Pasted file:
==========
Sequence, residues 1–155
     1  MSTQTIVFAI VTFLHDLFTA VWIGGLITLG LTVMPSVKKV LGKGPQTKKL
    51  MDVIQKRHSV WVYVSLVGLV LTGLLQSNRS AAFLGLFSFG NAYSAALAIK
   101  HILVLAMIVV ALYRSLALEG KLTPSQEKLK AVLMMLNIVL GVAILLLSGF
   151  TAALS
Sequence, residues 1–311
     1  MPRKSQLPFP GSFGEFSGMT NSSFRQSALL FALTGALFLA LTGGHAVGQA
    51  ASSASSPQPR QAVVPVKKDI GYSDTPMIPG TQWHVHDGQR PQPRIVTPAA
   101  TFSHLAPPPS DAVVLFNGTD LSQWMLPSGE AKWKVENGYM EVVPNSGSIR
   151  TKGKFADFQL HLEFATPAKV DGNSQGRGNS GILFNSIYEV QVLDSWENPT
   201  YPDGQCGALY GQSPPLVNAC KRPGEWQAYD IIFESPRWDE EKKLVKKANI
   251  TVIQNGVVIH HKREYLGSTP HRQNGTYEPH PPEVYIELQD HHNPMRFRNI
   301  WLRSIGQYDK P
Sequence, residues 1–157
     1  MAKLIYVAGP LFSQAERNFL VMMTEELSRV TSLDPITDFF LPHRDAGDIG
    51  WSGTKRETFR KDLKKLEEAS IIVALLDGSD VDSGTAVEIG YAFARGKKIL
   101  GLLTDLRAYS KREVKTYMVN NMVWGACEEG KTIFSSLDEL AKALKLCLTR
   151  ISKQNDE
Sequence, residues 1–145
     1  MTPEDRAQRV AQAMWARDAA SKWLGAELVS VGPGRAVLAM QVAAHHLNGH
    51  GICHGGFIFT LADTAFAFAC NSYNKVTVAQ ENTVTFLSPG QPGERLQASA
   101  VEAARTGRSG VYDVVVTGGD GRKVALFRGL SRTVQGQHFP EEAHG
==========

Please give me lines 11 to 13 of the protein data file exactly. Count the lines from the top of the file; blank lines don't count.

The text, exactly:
   201  YPDGQCGALY GQSPPLVNAC KRPGEWQAYD IIFESPRWDE EKKLVKKANI
   251  TVIQNGVVIH HKREYLGSTP HRQNGTYEPH PPEVYIELQD HHNPMRFRNI
   301  WLRSIGQYDK P